So as you may have been reading in the last few months I’ve been engaged in rediscovering the joys of Dungeons and Dragons, using Roll20 to overcome issues of distance and scheduling with other players. I’d played Dungeons and Dragons in its many forms right from the publication of Basic Dungeons and Dragons and had just started buying the third edition rules when circumstances led to it being impractical for the group I was in at the time to continue.

I still bought third edition rule books and material because I loved the way the D20 system fitted together, but being a new parent and having a stressful job I never got a chance to do anything with them. I then heard such horrible reactions to the fourth edition from friends and acquaintances that I never even gave it a chance, and I wasn’t at all sure to make of the concept of Pathfinder or wanted to have to buy yet another series of core books that seemed to be practically identical.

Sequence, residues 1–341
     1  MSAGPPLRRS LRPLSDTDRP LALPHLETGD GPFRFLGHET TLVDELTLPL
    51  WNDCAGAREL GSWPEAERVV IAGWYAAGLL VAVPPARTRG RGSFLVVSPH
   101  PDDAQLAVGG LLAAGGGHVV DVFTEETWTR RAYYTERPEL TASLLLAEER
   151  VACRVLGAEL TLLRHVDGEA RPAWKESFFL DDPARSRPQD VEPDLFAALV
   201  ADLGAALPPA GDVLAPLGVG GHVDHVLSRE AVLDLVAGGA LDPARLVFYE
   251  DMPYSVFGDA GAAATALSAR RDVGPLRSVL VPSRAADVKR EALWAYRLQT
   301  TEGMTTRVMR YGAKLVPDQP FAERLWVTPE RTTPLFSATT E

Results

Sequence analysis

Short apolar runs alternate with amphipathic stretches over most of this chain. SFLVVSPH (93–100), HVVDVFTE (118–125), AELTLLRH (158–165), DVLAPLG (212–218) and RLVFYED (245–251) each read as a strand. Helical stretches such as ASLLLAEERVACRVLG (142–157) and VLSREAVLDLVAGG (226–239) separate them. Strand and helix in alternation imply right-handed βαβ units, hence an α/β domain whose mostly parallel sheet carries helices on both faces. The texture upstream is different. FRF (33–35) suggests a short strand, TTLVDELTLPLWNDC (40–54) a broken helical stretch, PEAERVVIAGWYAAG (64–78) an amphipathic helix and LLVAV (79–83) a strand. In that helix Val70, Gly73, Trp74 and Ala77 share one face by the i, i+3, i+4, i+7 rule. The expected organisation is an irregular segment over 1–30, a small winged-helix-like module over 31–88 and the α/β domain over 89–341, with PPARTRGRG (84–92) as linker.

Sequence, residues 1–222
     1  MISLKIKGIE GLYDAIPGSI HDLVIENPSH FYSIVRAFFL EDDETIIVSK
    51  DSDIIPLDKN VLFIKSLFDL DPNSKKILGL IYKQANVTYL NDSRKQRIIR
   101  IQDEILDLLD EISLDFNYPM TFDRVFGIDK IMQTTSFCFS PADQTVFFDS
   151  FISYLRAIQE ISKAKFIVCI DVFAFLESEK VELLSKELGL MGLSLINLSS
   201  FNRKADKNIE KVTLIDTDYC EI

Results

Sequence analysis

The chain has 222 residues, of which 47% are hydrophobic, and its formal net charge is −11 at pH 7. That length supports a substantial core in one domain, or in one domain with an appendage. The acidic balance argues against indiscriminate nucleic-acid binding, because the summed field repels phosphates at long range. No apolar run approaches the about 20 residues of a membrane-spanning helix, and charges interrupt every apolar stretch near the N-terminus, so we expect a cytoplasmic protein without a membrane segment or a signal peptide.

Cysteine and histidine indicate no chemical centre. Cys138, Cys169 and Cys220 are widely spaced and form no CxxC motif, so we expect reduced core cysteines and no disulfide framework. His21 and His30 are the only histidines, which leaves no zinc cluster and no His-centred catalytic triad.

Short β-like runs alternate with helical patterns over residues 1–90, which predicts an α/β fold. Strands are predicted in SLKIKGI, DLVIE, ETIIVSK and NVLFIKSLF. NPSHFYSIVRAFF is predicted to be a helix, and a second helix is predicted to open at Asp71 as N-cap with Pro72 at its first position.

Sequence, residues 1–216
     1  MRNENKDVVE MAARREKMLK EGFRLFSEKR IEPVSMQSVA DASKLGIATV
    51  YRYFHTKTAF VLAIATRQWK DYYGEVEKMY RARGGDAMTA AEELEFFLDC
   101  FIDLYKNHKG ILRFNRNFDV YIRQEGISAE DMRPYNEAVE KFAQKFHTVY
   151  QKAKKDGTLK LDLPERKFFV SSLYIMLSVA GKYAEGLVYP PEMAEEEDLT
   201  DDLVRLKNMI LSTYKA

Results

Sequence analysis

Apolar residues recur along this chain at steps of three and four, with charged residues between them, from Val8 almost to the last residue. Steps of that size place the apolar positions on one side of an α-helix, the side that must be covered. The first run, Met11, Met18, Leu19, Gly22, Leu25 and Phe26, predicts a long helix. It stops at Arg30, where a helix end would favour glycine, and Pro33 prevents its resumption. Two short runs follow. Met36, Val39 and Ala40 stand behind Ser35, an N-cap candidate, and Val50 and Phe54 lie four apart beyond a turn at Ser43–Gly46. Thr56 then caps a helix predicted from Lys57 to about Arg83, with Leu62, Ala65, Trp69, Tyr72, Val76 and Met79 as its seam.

As for how I started playing, well I was actually introduced to it by my father, who ran a session for my family one evening using the simple adventure included in the back of the rules. (I played a wizard and I got eaten by a giant spider). I remember being swept up in the event, and pestering my dad to do more. Being a busy vicar, it didn’t happen – and I suspect a slightly lukewarm reaction from the other players may have contributed to it too.

Nonetheless, having been inspired by Tolkein and a rapidly expanding library of fantasy and science fiction I kept nagging as only young boys can, and he allowed me to borrow the boxed set. I never looked back. I introduced friends at school to it, and my brothers as they grew a little older, and soon there was a cluster of us who played Dungeons and Dragons, Traveller, Star Wars, Marvel Superheroes and indeed pretty much anything we could get our hands on. This was no small feat in the late seventies and early eighties in the UK.